While such attempts display the Western occultists' penchant for building up symbolic metastructures, I feel that such systemizations of the Great Old Ones are a misappropriation of Lovecraft's original sense of them. Their very nature is that they are "primal and undimensioned" - they can barely be perceived, and forever 'lurk' at the edges of awareness.
The most powerful energies are those which cannot be clearly apprehended or conceived of. They remain intangible and tenuous. Very like the feeling of awakening from a nightmare terrified, but unable to remember why. Lovecraft understood this very well, probably because most of his writings evolved from his dreams.
The Great Old Ones gain their power from their elusiveness and intangi-bility. Once they are formalised into symbol systems and related to intellectual metasystems, some of their primal intensity is lost. William Burroughs puts it this way:
"As soon as you name something you remove its power... If
you could look Death in the face he would lose his power
to kill you. When you ask Death for his credentials, his
passport is indefinite." - The Place of Dead Roads
The Great Old Ones can be thought of as primal archetypes of experience, represented in various creation myths as the Giants or Titans. Differing orders of deities throughout history reflect the development of human consciousness - the evolution of a psychocosm. From the zoomorphic animal-human deities of the Pagan Aeon to the Monotheist deity as a reflection of the state's ideal citizen. The Great Old Ones have little, if anything in the way of human attributions; no distinct spheres of influence or human morality. Lovecraft made it very clear that the Great Old Ones have their own purposes, and those that summon them, do so at their peril.
The Great Old Ones are atavisms of the pre-human strata of consciousness, dim perceptions of the era when the primitive 'dragon brain' was the seat of awareness. In his writings, Lovecraft continually alludes to the non-conceptual nature of the Old Ones, and to the primitive methods of summoning them to Earth - blood sacrifice, incense, sexual magick (espec-ially incestuous interbreeding) and Primal, or monstrous speech. All these methods act very powerfully upon the 'reptilian' areas of the brain; the activity of which governs the basic behaviour patterns - sex, hunger and the flight-fight response.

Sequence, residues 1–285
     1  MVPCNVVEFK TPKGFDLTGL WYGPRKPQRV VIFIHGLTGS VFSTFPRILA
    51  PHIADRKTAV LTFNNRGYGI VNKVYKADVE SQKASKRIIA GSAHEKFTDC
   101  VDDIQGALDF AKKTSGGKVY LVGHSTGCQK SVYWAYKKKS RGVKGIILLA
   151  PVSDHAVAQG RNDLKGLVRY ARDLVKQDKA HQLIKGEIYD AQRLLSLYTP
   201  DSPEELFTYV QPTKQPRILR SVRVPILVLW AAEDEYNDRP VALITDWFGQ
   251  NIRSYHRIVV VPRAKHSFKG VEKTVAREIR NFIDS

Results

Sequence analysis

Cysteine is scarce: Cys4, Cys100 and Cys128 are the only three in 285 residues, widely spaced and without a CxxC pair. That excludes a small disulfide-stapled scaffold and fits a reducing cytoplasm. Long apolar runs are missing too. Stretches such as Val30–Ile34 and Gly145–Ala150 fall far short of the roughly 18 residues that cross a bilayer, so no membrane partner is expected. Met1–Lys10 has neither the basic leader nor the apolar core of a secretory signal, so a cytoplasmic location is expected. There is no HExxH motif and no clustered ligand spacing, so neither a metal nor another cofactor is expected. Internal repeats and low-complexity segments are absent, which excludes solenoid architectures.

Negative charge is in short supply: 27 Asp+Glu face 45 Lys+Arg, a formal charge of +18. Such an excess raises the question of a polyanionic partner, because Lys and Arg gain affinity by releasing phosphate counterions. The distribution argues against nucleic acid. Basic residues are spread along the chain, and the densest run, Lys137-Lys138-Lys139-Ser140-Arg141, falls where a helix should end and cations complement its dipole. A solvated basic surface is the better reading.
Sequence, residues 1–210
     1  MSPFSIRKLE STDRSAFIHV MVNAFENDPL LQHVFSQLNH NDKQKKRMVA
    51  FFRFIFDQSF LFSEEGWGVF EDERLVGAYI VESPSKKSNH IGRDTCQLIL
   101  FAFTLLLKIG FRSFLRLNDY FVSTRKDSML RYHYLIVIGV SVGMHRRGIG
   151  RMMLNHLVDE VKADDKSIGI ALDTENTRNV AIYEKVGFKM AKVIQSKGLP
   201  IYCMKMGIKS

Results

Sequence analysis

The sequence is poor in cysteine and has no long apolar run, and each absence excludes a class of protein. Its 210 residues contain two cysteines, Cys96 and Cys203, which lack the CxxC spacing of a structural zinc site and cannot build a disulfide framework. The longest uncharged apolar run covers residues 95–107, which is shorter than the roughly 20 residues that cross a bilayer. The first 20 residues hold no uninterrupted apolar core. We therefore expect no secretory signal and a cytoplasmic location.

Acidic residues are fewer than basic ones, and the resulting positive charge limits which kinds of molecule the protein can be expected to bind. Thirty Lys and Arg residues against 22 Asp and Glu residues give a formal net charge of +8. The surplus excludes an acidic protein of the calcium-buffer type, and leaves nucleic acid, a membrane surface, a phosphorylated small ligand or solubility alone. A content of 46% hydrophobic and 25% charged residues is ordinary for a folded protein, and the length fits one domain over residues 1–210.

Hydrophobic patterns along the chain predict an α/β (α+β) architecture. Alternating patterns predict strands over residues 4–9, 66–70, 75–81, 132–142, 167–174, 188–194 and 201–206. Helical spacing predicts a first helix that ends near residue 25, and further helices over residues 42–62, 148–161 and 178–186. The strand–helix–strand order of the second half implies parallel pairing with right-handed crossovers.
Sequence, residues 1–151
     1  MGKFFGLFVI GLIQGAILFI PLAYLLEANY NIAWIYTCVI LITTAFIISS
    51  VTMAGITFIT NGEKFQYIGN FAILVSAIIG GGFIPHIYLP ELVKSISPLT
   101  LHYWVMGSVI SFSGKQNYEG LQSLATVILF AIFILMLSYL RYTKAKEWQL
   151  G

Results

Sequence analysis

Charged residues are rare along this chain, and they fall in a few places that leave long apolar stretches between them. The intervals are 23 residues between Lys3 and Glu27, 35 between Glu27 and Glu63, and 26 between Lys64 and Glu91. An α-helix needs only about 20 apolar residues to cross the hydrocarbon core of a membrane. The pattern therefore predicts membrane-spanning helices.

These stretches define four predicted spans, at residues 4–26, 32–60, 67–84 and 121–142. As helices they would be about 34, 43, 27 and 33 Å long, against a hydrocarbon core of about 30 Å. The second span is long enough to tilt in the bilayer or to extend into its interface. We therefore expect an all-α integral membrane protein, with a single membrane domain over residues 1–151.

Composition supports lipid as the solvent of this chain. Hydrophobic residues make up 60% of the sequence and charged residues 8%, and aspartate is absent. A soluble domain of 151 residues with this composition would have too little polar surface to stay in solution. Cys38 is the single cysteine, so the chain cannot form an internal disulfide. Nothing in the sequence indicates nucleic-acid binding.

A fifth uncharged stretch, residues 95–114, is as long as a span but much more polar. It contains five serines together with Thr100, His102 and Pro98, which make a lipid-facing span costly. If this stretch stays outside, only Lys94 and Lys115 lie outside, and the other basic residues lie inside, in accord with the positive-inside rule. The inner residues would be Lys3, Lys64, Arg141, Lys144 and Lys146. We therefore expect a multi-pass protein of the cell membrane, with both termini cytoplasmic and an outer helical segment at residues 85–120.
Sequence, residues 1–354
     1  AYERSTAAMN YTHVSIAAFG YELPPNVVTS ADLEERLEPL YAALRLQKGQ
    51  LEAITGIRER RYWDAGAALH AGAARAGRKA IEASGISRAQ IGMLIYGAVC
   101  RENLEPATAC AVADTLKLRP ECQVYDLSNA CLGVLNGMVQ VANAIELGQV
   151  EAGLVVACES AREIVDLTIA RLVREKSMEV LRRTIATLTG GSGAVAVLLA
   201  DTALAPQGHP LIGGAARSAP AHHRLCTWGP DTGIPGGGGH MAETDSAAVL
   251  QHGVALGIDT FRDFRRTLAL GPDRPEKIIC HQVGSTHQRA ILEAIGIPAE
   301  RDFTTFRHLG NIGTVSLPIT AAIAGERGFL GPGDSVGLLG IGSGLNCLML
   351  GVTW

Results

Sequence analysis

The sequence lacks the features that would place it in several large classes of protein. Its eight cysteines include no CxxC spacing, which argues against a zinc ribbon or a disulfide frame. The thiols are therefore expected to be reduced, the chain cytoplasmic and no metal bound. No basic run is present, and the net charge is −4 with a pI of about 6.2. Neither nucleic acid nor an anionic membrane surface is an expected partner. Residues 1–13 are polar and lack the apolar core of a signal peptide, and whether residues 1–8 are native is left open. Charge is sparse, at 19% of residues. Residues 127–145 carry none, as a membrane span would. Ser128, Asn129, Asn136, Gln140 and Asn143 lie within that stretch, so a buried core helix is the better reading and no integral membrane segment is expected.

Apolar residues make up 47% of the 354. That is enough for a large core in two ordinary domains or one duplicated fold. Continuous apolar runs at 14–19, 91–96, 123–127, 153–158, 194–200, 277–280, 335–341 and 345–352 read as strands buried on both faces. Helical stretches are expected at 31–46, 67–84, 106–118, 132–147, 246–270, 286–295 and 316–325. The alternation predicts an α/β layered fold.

Of particular interest in Lovecraft's mention of primal speech; the kind of glossolalia which can be heard at both Revivalist meetings and Voudou gatherings. When ordered speech is replaced with gibbering, grunting and other non-ordered noises, then patterning, inflection and tone/volume become the means for carrying a message. In ritual, this deliberate 'blocking' of verbal communication with 'static' can be a powerful means of assisting others into a state of possession, during which the body is controlled by 'Nameless' Gods who can only gibber and flail 'their' limbs about - a state somewhat reminiscient of the floppings of lizards, actually Seeing someone in this state brings to mind Lovecraft's description of Azathoth as:
"a blind idiot god... the monstrous Nuclear Chaos."
The value of such an experience is debatable. Full possession by a deity appears to be rare in Western magick, implying as it does, a total disin-hibition which most people seem unwilling to tolerate. These rites of the Nameless Gods serve to hurl the consciousness backwards into a level of awareness where the sense of being an individual 'I' is blurred. Memories of such a state will, of necessity, be at best fractured, or even totally absent, a phenomena not uncommon with possession experiences.
To conclude then, the Great Old Ones can indeed be summoned, but the means of doing so requires an approach which is very different to the established styles of Western magick.
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